A federal judge today ruled Michigan's ban on same-sex marriage is unconstitutional.
That makes it the ninth state in three months where courts have ruled in favor of same-sex couples seeking to marry, according to Freedom to Marry, a national advocacy organization that tracks the lawsuits pending in 28 states.
Oregon could soon join 17 states that allow same-sex marriage, when a belated legal challenge to the state's consitutional ban goes before a federal judge in April.
The Michigan decision says the state's ban violates the U.S. Constitution.
"The Court finds that the MMA impermissibly discriminates against same-sex couples in violation of the Equal Protection Clause because the provision does not advance any conceivable legitimate state interest," the judge wrote."Today's decision is a step in that direction, and affirms the enduring principle that regardless of whoever finds favor in the eyes of the most recent majority, the guarantee of equal protection must prevail."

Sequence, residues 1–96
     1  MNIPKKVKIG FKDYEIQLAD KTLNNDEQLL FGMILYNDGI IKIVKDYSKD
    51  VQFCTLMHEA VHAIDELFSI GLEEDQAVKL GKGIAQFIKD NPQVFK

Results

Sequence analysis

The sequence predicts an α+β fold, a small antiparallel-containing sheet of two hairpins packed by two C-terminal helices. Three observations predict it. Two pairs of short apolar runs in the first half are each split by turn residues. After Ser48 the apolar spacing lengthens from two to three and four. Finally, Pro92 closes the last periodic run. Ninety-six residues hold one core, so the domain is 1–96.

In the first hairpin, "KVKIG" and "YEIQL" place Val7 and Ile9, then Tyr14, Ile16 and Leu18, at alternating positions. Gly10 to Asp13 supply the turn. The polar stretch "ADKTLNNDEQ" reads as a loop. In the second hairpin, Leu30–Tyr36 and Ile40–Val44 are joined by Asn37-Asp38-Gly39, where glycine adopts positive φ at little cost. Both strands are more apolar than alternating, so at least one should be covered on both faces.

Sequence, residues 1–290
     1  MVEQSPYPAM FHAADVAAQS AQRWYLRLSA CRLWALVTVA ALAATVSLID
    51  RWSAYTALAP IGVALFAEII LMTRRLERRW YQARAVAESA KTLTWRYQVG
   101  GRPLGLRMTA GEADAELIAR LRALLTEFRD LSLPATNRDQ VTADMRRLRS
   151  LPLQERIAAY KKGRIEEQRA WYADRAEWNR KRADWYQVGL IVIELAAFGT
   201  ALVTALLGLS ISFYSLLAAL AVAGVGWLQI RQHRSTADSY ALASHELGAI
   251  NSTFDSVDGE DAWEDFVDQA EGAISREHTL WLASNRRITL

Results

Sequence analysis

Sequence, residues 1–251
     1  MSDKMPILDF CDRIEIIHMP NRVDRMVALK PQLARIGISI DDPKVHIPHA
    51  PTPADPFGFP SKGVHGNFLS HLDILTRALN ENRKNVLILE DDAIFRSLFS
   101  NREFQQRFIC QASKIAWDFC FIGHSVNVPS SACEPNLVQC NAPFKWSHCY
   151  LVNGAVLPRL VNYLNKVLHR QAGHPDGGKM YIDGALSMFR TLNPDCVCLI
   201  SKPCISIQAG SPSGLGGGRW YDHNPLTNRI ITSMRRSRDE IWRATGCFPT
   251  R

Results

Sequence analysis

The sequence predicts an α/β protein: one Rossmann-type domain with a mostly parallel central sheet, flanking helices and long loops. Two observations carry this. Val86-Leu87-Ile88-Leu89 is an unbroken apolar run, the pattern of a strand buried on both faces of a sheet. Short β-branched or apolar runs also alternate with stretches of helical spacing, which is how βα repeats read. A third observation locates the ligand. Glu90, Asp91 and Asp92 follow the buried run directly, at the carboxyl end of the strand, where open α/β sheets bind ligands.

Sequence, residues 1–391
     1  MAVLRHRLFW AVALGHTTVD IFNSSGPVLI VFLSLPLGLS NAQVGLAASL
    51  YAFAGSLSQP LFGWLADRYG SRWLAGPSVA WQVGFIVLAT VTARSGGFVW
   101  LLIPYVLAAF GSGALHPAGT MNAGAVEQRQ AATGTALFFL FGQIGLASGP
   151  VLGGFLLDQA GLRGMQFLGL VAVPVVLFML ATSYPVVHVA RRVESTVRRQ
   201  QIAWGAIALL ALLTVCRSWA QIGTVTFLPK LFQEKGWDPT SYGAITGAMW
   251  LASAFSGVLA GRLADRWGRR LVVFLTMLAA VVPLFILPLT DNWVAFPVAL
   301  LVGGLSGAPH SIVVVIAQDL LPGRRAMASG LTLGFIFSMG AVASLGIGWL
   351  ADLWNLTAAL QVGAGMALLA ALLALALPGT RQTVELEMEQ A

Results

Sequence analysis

The Detroit Free Press posted this touching video of the plaintiffs Jayne Rowse and her partner April DeBoer reacting to the decision.
A federal judge in Oregon will hear arguments next month on whether to strike down a similar ban constitutional that outlaws same-sex couples from marrying here. As in a number of other states including Virginia, Oregon's Attorney General Ellen Rosenblum will not defend the constitutional ban, voted into law in 2004.
In her response to a motion for summary judgement earlier this week, Rosenblum writes:
The state defendants in this case have carefully analyzed the legal issues presented and find no satisfactory justification on which to defend the stateâs ban on same-sex marriages, which blocks those unions from not only the many federal benefits, but also the full societal recognition and support of marriage. However, it is not for these defendants to simply ordain that others should disregard the stateâs constitutional provision. Instead, it is proper for these cases to proceed through the judicial system and to have a court determine the constitutionality of the ban and the proper remedy should it be declared unconstitutional.